Too quick to execute – how does SA’s new rules on sale in execution compare internationally?

July 22nd, 2016

Under the hammer

By Douglas Shaw

In January, the Rules Board submitted new rules for comment on the execution of immovable properties, an area of law where South Africa’s (SA) laws badly lag the rest of the world (, accessed 30-6-2016). There is considerable improvement to r 46 (partly through the new r 46A), though there is still a long way to go. There are essential two issues:

  • When should a property be allowed to be sold?
  • If it is to be sold, how can it be sold for the proper, market price?

Most people, including the Rules Board, do not understand just how bad SA banks are compared to other countries. The table on the next page shows the figures which are truly shocking.

Country Number of bonds Annual number of executions per 1 000 bonds
Average over ten years Increase of SA over countries
SA 1 800 000 2,4 0%
Spain 6 768 000 2,5 -5%
United States (US) 80 600 000 1,9 28%
South Korea 47 600 000 1,8 34%
France 15 000 000 0,6 298%
Hungary 1 188 000 0,6 329%
Bulgaria 115 200 0,4 512%
United Kingdom (UK) 11 300 000 0,3 800%
Cyprus 255 584 0,1 4261%
Denmark 2 420 000 0,04 5681%
Singapore 792 000 0,01 18820%


As we can see from the table above, only countries that have had major crises in recent years – like Spain and the US – can approach the extreme level of executions in SA where we have not even had a significant financial crisis. European countries who have, in fact, also had something of a crisis in the last ten years still have execution rates an eighth to a quarter of that in SA. This applies to developing Eastern European nations and Western European countries alike. There is no reason we should not, by improving our law, become like Denmark or Singapore though at the current time we, without conscience, currently sell 50 times as many properties per 10 000 bonds as they do in Singapore. (While default rates are a bit higher in SA than in some of these countries, these differences explain very little of the huge differences in execution rates. The difference in the lack of legal restrictions on irresponsible bank practices explain most of it.) Denmark has a comparable number of bonds as we do, yet SA sells 60 times more homes in execution than Denmark. This is an inexcusable difference. In addition, SA banks continue to sell properties for an average of around 60% of the real price in contrast to the rest of the world (in Korea, for example, they get 90%). In the UK, the US, Australia or New Zealand, banks can rightly be sued for the difference if they sell for less than market price. (This may indeed be the case in SA, but this has not yet been tested in the courts. The law of delict will apply and the statutory defence is unlikely to apply in this case.)

The improvements in the rules include a removal (in the January version) of the prohibition of reserve prices that previously applied (which no other country had) and lacked any coherent rationale. Now, in the April version, we have provisions that allow the court to set a reserve price. However, it is not compulsory (see r 46A(9) discussed below) so properties may still be sold without reserve.

The rule also – for the first time – requires in the application for execution, that the market price is provided by the applicant (which will usually be a bank) (r 46A(5)(a)). This is a big improvement as this is a precondition for ensuring properties are normally sold for around that price. South African properties sell for sizably lower percentages of their value than in other countries. Significant numbers are sold for negligible sums, even as low as R 1 000. Many believe that criminal syndicates are involved in these transactions. Unfortunately, our rules have not explicitly outlawed such transactions, and still, sadly, do not.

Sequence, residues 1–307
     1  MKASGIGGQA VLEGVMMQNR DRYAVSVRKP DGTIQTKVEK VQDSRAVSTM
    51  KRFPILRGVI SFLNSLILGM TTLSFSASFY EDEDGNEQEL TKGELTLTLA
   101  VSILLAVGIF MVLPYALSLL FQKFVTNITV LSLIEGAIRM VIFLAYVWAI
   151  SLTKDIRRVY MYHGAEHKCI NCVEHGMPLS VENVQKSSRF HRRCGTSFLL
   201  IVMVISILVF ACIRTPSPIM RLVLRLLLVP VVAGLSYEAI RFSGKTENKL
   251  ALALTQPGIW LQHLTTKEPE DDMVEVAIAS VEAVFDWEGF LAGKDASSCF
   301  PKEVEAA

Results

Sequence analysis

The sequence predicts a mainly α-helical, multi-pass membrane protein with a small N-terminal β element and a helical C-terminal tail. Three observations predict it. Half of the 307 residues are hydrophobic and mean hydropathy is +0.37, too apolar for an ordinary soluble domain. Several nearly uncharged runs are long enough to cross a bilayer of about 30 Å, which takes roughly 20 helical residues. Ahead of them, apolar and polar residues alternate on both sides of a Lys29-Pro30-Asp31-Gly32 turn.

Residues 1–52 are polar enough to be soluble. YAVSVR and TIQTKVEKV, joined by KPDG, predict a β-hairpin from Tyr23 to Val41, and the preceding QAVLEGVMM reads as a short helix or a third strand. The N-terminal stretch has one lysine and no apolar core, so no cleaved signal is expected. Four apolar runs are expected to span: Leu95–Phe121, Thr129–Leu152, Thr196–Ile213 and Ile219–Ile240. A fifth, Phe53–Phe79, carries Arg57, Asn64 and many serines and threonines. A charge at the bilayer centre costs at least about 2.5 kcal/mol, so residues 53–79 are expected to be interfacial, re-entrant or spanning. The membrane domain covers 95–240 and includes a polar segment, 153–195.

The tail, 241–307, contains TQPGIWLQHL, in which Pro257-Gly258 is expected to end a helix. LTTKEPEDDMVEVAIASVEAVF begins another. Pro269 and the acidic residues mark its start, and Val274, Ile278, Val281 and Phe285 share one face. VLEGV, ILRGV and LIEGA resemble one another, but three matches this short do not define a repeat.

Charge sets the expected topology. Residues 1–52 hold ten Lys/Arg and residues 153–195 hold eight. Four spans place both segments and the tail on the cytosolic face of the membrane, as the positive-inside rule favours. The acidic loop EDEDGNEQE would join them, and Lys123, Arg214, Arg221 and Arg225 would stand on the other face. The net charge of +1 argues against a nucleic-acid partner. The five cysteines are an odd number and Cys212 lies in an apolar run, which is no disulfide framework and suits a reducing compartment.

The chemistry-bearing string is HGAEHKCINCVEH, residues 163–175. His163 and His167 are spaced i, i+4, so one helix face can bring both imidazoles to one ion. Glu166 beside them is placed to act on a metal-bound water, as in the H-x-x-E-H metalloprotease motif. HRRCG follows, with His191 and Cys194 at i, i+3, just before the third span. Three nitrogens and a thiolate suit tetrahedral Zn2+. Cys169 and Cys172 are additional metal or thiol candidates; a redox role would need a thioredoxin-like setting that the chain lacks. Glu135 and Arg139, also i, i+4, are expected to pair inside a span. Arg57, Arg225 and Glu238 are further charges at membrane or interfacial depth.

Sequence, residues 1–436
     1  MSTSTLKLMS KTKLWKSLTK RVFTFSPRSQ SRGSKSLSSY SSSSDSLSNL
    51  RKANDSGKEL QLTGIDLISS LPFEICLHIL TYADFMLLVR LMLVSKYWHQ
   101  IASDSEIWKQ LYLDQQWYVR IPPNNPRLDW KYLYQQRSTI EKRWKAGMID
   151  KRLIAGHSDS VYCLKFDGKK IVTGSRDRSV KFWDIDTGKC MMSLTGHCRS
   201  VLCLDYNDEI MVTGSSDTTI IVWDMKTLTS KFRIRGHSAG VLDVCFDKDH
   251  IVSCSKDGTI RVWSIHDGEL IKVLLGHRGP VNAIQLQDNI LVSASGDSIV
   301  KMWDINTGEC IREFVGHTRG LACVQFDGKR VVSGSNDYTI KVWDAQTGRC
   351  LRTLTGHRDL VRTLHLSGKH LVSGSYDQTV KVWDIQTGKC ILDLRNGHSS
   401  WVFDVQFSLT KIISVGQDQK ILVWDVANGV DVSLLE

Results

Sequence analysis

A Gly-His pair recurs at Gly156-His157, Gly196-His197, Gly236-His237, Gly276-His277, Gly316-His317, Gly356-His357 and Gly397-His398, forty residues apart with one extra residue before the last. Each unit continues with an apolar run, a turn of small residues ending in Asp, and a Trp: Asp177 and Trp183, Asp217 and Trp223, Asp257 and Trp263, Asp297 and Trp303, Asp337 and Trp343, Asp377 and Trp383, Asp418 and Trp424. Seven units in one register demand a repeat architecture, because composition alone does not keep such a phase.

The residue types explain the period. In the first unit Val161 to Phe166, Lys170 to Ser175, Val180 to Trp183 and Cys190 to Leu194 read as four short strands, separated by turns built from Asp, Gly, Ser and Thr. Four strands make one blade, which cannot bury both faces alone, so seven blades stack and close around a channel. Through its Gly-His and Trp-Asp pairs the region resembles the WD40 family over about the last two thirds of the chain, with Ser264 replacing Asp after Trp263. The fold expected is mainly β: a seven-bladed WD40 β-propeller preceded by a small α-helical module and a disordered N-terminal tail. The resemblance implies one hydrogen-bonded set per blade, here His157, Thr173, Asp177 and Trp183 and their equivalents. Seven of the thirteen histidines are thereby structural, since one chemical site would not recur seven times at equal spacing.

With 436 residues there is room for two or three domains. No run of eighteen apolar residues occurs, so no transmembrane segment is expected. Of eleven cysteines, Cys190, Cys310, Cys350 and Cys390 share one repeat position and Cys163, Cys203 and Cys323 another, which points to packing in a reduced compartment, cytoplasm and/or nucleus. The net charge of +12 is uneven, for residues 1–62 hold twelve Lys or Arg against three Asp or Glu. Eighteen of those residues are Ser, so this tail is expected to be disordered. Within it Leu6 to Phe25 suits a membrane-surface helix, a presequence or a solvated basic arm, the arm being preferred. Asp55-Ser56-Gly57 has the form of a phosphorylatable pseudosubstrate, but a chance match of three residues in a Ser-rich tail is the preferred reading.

It is also commendable that the local authority municipal rates amounts must now be disclosed (r 46A(5)(c)). South Africa’s low prices in execution sales are partly due to the inability of buyers to know what the municipal rates account might be. This will solve this problem. There is still the problem of buyers not being able to view the property. Rule 46 allows the Sheriff to enter the property by force for various reasons. If this is to be allowed, then there is no reason why a day should not be allocated where potential buyers could see the property. This would also raise prices. In sub-rule 7A of Form 21, a deposit of 10% is required; this is too much and deters buyers who are otherwise capable of later securing a bond. The Board should consider deposits of 2% with an upper limit of R 10 000 or so. These amounts should only cover the Sheriff’s marginal costs of adding a property to a pre-existing auction, which are small. Otherwise they should be kept small to encourage more buyers.

The new rules also make a whole lot of micro improvements that are welcome. However, this may be at the expense of dealing with the ‘elephant in the room’. The major failings of SA foreclosure law, compared to its peers in the international arena, have not yet been addressed.

Rule 46(2)(c) integrates into the rule, the judgment of the Constitutional Court in Gundwana v Steko Development and Others 2011 (3) SA 608 (CC) that a registrar cannot issue a writ of execution by himself. There must have been judicial supervision. One wonders why the judgment in Jaftha v Schoeman and Others; Van Rooyen v Stoltz and Others 2005 (2) SA 140 (CC) at para 59, that execution must only be as a last resort was not also so integrated as that would have been helpful in setting a new and improved mind set into the proceedings.

The rules give a procedure for opposing execution procedures, but there is still not much protection in the rule for the unrepresented and indigent defendant against whom an order will be given in default.

Sub-rule 46A(8)(2) has missed a great opportunity. This rule should require the court not to grant execution when other options are available. The failure to do this in our law, is why our execution rate is greater than that of other countries, developed and developing. Foremost in that list of options would be a requirement to reschedule if the debtor has affordability. This has been the law in England for almost 50 years, and yet we still do not have this law. If the debtor has lost a job and is a year in arrears and then gets a new long term job, there is no reason to execute. Courts in England will not allow execution in these circumstances and will instruct the arrears to be capitalised and the bond contract to continue with a slightly higher premium. We desperately need such a provision in our law. I have seen hundreds of applications for execution against owners in this country who can now afford their mortgage where the banks say ‘pay the whole arrears or we will execute’, which is often impossible. This is hardly consistent with the Constitutional Court’s dictum that it should be a ‘last resort’.